In finding a Chapter 93A violation, this Court essentially found that Brooks's complaint in this action was frivolous, that is, it did not have reasonable factual support under the legal standard adopted by the court, and did not have reasonable factual support under any legal standard that had an arguable basis in law. See Chapter 93A Decision at 13-14. This court also found that Brooks, when it filed suit, acted prematurely, with reckless disregard as to whether there was any reasonable factual support for the allegations in the complaint, because it was concerned about Blueshift's developing relationship with Applied Materials, Inc., a major customer it had worked hard to cultivate, and wanted to disrupt that relationship. Id. This Court concluded:

This Court has carefully considered whether the filing of this action with reckless disregard as to whether there was any reasonable factual support for these allegations, motivated by the desire to interfere with Blueshift's developing contractual relationship with Applied Materials, constitutes an unfair and deceptive act or practice in trade or commerce, in violation of G.L.c. 93A. This Court finds that such reckless disregard, when motivated by the desire to interfere with a competitor's prospective contractual relationship with a coveted customer, is not only sufficient to constitute an unfair and deceptive act or practice in trade or commerce but is also sufficient to constitute a wilful violation of Chapter 93A.

Id. at 17.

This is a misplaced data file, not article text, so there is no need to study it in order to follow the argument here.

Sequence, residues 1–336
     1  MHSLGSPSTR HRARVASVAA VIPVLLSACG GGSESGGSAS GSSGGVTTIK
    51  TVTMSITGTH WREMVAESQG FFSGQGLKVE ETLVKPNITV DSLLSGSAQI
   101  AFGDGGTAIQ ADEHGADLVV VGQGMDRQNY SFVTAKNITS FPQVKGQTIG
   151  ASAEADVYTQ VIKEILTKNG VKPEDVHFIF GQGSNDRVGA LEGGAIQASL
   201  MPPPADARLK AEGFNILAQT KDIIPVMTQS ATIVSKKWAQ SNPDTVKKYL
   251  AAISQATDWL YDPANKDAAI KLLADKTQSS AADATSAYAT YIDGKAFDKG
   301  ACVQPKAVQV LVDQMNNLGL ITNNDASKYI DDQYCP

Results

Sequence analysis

This Court is mindful that Blueshift would not have been awarded attorneys fees if it had simply prevailed on its common-law counterclaim of tortious interference with contractual relations, and that the award of attorneys fees must be focused on the prosecution of its Chapter 93A counterclaim, from which the entitlement to attorneys fees is derived. See Miller v. Risk Management Foundation of the Harvard Medical Institutions, Inc., 36 Mass.App.Ct. 411, 421 (1994). Yet, where, as here, a single chain of events gives rise to both the common law and the Chapter 93A claim, the Court need not attempt to apportion the legal effort between the two claims. Hanover Insurance Company v. Sutton, 46 Mass.App.Ct. 153, 177 (1999). This Court is also acutely aware that the essence of the Chapter 93A violation here is that Brooks sought to severely, perhaps fatally, injure a budding competitor in its business by recklessly filing a lawsuit that, by its nature, imperiled the continued existence of Blueshift. Pragmatically, justice cannot be served when a Chapter 93A violation is found in these circumstances unless Blueshift is awarded all the reasonable attorneys fees and costs it incurred in having to defend itself from this frivolous lawsuit. Therefore, this Court finds that the appropriate measure of reasonable attorneys fees and costs for this Chapter 93A violation is the entirety of the reasonable attorneys fees and costs that Blueshift incurred in defending itself against the allegations in Brooks's complaint and in prosecuting its counterclaim.